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Wangjianglou Pavilion

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../images/tuku/Wangjianglou Pavilion
../images/tuku/Wangjianglou Pavilion
../images/tuku/Wangjianglou Pavilion
../images/tuku/Wangjianglou Pavilion
../images/tuku/Wangjianglou Pavilion

Located on the south bank of Jinjiang River at East Gate, Chengdu, Wangjiang Pavilion Park is widely known for its cultural heritage represented by the ancient building complex of Wangjiang Pavilion and Xue Tao Memorial, and its unique collections of rare bamboos. 

Standing by the Jinjiang River, Chongli Pavilion (widely known as Wangjiang Pavilion), a 27.9m-high all-wood structure, is one of the Park’s major buildings. Its name Chongli is derived from the words Beautiful (li in Chinese) and sublime (chong in Chinese). Adjacent to Jinjiang River, it is widely known as Wangjiang Pavilion (River-overlooking Pavilion). The God of Literature that administers the ranks of the imperial examination is enshrined at the Pavilion.

Zhuojin Pavilion has five principle columns and doors and windows on four sides and strongly resembles boat. Surrounded by luxuriant and well-spaced flowers and trees, its elegance and beauty is undeniable. Inside the Pavilion, rosewood furniture from the Ming and Qing dynasties and other ancient building components are showcased.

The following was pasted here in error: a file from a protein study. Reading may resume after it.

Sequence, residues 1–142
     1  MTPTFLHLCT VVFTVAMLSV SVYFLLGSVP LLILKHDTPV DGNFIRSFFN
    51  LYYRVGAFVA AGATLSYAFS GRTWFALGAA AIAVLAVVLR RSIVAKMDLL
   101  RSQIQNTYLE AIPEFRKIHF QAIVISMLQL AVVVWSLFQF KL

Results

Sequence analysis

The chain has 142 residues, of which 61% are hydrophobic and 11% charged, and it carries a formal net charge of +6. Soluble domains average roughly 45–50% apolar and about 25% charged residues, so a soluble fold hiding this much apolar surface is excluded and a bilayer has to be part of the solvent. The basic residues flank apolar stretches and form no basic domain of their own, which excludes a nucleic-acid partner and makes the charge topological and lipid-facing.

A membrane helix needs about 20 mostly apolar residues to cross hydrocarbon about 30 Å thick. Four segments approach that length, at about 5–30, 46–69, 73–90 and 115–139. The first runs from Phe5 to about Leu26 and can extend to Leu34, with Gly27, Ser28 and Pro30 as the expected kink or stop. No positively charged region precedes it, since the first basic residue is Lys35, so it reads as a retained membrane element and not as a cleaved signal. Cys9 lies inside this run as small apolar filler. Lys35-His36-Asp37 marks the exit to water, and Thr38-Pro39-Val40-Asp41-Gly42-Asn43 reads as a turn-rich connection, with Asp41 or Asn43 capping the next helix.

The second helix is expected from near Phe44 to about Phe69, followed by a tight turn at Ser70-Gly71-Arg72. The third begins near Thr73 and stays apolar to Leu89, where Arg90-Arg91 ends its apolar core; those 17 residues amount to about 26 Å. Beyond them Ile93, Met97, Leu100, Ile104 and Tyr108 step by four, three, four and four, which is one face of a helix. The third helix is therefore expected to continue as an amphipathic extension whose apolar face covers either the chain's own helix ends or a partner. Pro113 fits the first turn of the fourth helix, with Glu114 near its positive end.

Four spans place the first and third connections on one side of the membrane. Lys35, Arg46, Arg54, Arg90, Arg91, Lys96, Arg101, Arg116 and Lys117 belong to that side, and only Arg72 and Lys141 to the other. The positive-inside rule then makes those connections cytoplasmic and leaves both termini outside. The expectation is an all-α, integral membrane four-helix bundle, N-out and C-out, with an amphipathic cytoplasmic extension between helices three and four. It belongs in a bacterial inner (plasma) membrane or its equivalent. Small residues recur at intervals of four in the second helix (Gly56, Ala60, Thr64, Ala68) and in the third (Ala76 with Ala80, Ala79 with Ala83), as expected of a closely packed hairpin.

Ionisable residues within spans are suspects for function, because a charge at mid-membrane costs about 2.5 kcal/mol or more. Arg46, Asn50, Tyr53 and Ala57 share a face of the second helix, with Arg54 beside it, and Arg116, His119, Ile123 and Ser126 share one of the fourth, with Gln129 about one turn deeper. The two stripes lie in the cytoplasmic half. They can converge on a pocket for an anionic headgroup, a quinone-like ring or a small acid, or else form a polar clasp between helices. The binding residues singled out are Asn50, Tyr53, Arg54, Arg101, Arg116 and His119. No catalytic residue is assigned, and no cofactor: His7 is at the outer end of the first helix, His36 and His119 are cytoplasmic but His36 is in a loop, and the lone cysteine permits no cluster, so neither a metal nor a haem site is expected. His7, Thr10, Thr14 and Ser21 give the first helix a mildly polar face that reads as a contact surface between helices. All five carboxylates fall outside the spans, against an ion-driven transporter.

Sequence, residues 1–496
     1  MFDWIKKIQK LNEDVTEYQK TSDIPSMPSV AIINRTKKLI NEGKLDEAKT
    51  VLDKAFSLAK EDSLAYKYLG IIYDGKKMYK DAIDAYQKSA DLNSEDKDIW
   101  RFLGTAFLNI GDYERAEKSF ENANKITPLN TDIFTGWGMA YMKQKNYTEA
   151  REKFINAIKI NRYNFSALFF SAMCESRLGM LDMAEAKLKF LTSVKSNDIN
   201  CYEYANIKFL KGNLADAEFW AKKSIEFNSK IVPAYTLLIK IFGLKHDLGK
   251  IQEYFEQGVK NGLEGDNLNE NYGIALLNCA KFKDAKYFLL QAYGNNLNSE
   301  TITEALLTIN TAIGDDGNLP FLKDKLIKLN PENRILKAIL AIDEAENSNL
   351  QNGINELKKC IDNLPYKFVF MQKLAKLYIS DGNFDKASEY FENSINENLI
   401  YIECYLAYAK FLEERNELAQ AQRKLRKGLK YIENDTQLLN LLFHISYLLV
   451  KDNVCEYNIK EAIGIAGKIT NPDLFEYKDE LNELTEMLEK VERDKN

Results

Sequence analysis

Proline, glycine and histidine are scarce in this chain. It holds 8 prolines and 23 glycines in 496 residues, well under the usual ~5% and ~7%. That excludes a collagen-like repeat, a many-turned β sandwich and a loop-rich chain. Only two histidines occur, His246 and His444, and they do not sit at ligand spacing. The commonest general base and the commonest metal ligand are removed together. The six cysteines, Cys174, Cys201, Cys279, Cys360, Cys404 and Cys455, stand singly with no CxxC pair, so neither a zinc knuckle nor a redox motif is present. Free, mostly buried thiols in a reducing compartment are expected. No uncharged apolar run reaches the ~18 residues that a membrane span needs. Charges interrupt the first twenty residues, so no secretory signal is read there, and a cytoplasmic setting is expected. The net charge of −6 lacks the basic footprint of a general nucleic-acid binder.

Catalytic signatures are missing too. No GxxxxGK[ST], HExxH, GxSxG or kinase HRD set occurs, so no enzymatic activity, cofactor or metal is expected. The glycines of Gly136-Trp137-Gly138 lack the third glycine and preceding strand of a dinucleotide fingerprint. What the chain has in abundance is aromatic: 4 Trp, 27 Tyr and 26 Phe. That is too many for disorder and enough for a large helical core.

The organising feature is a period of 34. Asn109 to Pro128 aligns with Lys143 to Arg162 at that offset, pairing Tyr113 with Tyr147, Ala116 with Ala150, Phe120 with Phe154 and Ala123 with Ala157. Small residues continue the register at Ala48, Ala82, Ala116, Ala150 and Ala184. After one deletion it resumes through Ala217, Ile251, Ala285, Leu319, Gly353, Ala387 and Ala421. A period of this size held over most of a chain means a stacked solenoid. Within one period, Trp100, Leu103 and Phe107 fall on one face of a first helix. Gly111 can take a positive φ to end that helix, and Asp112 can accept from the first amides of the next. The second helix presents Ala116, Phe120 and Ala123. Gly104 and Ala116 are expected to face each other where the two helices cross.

Yinshi Pavilion was built as there’s a similar pavilion at the residence where Xue Tao spent her twilight years. Shadowed by willows and bamboos near the river, the three-part pavilion featuring open verandas on four sides is quite poetic. There are a collection of paintings in the hall on the ground floor depicting Xue Tao chanting poetry with famous poets such as Yuan Zhen, Bai Juyi, Du Mu and Liu Yuxi.

In the uniquely and exquisitely designed Huanjian Pavilion, paper and letter paper making technologies of the Tang Dynasty are showcased. 

The Open Area of Wangjiang Pavilion Park is a bamboo themed park with the richest collection of bamboo species in China. Xue Tao loved bamboos and described them as upright and perseverant. To commemorate Xue Tao, later generations have planted various species of bamboos all over the garden. There are 200-odd species from home and abroad, including some very rare species. The bamboos in the garden, represented by Bambusa chungii, Phyllostachys aurea, Bambusa ventricosa and Fargesia ungulata, take different forms and yet are in perfect harmony. They crowd together or interweave forming a corridor. People thus call this fun filled sea of bamboo the ‘Park of Bamboos’.